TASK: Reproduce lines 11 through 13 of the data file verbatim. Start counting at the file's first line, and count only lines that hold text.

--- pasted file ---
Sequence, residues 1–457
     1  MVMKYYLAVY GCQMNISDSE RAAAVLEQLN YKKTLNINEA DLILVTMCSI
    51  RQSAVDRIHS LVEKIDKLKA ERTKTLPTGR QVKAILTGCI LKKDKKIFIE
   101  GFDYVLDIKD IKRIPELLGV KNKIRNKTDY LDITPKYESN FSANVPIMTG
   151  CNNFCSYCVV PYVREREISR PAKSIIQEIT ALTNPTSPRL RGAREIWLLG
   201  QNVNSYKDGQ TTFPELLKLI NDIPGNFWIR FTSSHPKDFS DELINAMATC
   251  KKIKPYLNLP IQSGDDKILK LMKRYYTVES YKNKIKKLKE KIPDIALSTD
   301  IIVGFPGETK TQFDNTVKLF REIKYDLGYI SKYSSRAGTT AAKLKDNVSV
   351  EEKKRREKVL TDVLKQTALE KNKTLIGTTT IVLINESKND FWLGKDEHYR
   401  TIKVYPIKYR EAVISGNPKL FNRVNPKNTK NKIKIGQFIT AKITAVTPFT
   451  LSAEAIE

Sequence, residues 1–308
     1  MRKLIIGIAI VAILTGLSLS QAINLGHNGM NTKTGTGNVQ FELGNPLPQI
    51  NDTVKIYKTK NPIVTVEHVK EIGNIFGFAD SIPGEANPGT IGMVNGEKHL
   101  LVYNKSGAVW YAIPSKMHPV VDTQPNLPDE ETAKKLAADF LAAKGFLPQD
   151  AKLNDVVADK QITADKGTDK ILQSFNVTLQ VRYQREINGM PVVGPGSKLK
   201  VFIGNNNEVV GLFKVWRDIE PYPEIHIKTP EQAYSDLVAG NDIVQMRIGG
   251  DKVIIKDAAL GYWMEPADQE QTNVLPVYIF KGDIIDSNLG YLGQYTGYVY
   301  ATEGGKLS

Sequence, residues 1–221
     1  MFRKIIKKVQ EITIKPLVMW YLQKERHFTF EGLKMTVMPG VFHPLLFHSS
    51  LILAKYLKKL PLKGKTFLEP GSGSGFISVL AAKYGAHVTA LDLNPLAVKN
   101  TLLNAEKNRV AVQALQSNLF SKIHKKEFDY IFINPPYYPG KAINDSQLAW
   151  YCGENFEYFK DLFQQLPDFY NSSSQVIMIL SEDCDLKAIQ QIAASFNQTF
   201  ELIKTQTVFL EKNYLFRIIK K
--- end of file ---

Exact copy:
   451  LSAEAIE

Sequence, residues 1–308
     1  MRKLIIGIAI VAILTGLSLS QAINLGHNGM NTKTGTGNVQ FELGNPLPQI